So a scheme which adds an extra floor to a building for a penthouse as part of the conversion will only have to contribute to affordable housing for that extra floor, while schemes which add no new space will not have to contribute at all. The initiative is aimed at bringing disused buildings back into use, but it has upset a number of councils who risk losing employment space for high end residential without getting anything for it. This is a contrast with community infrastructure levy (CIL) which actively disincentivises reuse of long-empty buildings.

Councils in central London, where this type of conversion is prevalent, are now seeking advice on the credit. The status of planning practice guidance in the planning policy hierarchy may lead some to insist that the affordable housing requirements in their development plan still take precedence. Given the potential sums involved for large developments, it is only a matter of time before it is worth someone's while to test that approach on appeal or in the courts.

Daniel Farrand is an Associate and Joint Head of Planning and Environment.


For many real estate lawyers, the afternoon and evening of 3 December 2014 were spent rushing around trying to exchange multiple high value residential deals for high net worth (HNW) clients before the midnight deadline to lock in the 'old' 7% residential SDLT (stamp duty land tax) rate.

The new 'slice' system means that buyers of properties up to £937,000 will now pay less tax. The other headline-grabbing aspect is the 12% top rate on the slice of the purchase price above £1.5m. When set against the opposition's plans for a 'mansion tax' on homes over £2m, it's clear that the tax treatment of high-end residential property will be a key issue in the forthcoming election campaign.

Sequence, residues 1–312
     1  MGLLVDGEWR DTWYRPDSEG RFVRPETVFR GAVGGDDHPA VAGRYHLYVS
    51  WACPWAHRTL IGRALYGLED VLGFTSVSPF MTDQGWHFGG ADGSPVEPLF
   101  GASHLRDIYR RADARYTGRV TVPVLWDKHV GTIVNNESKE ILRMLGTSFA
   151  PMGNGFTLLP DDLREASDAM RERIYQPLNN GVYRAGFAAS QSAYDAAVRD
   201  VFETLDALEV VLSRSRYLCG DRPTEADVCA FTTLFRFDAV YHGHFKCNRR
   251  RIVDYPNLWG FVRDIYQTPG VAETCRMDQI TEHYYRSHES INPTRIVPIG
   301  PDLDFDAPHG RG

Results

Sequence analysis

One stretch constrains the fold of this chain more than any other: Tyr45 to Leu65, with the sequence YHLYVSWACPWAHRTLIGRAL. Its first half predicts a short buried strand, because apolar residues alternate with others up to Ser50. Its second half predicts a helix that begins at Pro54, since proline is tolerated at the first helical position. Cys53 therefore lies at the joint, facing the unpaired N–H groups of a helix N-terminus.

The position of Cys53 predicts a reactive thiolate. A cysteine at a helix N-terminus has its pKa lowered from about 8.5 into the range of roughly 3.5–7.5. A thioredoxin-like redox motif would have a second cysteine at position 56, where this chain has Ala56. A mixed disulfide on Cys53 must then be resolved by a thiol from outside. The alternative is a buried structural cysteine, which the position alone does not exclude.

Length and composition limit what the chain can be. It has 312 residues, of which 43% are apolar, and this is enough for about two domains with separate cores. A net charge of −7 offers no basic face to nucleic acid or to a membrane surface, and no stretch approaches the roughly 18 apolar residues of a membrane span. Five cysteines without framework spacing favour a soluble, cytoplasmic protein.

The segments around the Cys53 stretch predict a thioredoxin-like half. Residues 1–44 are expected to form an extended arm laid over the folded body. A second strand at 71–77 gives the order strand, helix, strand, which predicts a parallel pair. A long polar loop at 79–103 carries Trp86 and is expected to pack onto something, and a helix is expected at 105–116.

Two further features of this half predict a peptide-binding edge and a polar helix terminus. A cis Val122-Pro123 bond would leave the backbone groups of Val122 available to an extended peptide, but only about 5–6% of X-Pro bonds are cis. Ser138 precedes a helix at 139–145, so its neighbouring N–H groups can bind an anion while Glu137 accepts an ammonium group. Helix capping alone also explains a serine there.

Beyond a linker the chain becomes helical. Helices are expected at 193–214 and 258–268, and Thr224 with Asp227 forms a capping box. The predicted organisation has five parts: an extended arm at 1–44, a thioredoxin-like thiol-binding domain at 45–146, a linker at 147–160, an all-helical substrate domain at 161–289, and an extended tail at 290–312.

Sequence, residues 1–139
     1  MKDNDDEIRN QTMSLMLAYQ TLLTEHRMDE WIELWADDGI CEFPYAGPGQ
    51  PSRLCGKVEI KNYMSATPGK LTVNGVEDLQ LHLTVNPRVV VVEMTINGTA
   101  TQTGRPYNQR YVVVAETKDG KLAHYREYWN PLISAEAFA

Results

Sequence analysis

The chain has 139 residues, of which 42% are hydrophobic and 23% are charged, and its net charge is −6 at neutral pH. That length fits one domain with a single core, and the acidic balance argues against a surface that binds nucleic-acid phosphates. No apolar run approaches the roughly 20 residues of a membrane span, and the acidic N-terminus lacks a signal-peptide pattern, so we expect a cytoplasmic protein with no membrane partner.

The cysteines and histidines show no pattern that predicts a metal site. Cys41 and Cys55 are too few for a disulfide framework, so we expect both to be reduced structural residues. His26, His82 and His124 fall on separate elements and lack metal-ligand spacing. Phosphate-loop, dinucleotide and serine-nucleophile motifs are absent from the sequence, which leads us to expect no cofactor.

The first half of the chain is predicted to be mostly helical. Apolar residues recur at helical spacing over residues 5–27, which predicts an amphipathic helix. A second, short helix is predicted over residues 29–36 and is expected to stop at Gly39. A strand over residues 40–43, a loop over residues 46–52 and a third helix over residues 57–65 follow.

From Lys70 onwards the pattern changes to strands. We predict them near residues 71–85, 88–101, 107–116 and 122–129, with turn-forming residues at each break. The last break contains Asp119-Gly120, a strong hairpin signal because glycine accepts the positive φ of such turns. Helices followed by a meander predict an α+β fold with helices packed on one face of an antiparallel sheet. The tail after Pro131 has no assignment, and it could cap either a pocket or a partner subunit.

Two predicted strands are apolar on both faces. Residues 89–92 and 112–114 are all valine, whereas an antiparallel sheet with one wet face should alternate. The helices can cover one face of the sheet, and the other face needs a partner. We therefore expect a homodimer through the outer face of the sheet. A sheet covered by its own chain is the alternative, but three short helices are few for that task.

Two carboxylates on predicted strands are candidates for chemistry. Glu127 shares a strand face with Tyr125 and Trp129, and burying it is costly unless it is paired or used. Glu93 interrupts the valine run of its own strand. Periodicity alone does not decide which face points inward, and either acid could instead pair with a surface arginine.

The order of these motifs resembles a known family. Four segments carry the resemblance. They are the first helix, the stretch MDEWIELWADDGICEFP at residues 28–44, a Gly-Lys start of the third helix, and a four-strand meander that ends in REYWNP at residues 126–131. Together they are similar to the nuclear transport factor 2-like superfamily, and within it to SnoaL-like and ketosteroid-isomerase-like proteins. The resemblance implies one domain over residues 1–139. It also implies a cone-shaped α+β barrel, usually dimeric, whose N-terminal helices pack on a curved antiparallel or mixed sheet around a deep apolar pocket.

So, what have we seen in practice since the new rates came into force? 

  1. HNWs have not stopped buying high value residential. While a small number of buyers in the £2m-£5m bracket (mainly wealthy professionals) chose to rethink their planned purchases, countless others ploughed ahead regardless. Where some continue to sense uncertainty and nervousness from the impending general election and the prospect of a mansion tax, others see value and opportunity. Those buying properties in excess of £5m have not evidenced much concern for the SDLT increase.  Our experience suggests that HNWs care more about their disposal tax than their purchase tax and many still enjoy the comfort of private residence relief from capital gains tax (CGT).
  2. Increasing numbers of HNWs are looking to invest in commercial property. Lower purchase costs and a desire for higher yields and a more balanced portfolio are some of the reasons cited. Some have chosen London office investments (possibly for their residential conversion potential), while other yield hunters have turned their gaze towards Manchester and other key regional cities. 

HNW interest in commercial property investments is not new but perhaps the shake-up in the residential SDLT regime, the prospect of a mansion tax under a Labour government, the ATED ('annual tax on enveloped dwellings') and now CGT on residential property for non-residents are all serving as catalysts for the increased interest we are seeing.

Simon Chadowitz is an Associate in our Real Estate Department.